Motorola 6800 processors
The 6800 is a microprocessor produced by Motorola and released shortly after the Intel 8080, in 1975. It had 78 instructions, including the (in)famous, undocumented Halt and Catch Fire (HCF) bus test instruction. It may have been the first µP with an index register.
It was usually packaged in a 40 pin DIP (dual-inline package).
The 6800 'fathered' several descendants, the pinnacle being the greatly extended and semi-compatible 6809, which was used in the Vectrex video game console and the TRS-80 Color Computer, among several others. There are also many microcontrollers descended from the 6800 architecture, such as the Motorola 6801/6803, 6805, 68HC08, 68HC11 and 68HC12.
Hitachi, Ltd. acted as a second source for many of Motorola's CPUs, and also produced its own derivatives including the 6301 and 6303, which could run 6800 code. These microprocessors also had a couple of extra instructions added to their instruction sets.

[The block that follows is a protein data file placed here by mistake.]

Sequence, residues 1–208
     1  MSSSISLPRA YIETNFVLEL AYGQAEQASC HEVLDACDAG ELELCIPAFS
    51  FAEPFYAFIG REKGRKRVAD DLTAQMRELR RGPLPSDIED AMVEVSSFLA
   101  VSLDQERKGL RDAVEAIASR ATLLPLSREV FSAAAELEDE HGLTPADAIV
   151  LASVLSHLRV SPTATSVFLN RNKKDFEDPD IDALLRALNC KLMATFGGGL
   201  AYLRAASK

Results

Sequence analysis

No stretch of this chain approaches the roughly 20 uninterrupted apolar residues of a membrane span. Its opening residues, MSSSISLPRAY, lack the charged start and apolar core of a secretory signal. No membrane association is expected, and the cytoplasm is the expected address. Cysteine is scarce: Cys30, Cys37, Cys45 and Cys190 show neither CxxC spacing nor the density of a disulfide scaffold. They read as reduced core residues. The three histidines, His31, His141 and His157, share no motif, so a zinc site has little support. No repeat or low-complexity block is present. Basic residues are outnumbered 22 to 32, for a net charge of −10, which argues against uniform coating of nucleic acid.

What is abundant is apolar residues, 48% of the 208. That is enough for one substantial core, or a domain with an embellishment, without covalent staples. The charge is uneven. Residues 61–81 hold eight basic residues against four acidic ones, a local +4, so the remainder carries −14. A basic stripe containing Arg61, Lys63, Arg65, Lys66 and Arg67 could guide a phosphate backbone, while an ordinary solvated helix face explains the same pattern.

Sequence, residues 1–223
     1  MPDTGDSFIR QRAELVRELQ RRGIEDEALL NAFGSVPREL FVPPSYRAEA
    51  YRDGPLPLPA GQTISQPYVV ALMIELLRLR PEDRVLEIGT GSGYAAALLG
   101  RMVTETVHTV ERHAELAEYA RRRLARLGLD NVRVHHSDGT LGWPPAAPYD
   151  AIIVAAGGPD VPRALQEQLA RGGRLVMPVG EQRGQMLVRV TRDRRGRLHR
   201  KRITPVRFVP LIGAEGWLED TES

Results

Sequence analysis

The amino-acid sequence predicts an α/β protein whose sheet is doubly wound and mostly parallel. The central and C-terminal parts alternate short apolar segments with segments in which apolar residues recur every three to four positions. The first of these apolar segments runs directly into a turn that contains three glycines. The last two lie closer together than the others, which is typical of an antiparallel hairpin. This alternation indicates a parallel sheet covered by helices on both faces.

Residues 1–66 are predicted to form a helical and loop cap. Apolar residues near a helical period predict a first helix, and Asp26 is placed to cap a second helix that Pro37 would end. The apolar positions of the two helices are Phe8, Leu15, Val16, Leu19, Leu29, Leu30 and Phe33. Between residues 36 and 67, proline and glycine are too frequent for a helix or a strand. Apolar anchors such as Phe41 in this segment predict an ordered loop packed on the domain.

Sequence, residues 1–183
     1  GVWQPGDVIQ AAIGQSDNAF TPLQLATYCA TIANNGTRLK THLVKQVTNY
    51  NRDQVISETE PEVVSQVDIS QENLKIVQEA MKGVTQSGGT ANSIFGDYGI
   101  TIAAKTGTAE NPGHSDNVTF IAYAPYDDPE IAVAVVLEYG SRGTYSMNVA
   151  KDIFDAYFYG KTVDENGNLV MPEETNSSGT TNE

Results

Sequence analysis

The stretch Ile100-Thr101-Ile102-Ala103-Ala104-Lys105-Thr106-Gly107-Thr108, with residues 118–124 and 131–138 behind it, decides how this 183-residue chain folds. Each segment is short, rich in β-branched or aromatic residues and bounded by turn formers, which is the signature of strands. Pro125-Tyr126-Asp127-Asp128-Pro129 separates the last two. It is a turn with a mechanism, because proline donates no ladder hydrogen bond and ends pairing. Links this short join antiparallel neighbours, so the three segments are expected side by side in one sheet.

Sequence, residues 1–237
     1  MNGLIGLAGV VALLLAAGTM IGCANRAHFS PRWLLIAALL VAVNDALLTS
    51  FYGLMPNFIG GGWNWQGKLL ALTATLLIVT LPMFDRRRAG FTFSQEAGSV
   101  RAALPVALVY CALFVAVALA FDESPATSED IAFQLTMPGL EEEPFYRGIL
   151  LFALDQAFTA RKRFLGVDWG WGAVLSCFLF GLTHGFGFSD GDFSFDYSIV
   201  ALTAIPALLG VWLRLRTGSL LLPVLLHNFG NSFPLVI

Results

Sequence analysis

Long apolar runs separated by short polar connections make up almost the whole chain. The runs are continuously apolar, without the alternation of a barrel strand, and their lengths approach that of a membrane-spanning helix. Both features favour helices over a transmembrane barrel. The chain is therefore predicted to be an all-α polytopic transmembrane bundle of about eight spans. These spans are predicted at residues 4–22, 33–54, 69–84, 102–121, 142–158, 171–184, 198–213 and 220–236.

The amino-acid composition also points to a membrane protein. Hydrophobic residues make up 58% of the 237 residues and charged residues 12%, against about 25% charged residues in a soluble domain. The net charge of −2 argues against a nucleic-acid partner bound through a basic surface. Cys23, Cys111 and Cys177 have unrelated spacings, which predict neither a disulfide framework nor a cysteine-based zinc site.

Competitor MOS Technology came up with an architectural relative of the 6800, with its 6502 ('lawsuit compatible' MPU) and its successors. The 6502 did not have the 16-bit registers of the 6800, but had more addressing modes. The 6502 was used in many computers and game consoles during the late 1970s and early-to-mid-1980s (most notably the Atari 2600, Apple II, the Commodore PET, VIC-20 and Commodore 64, and the Acorn Electron/BBC Microcomputer), and the Nintendo Entertainment System or NES.
Source: Wikipedia, the free encyclopedia.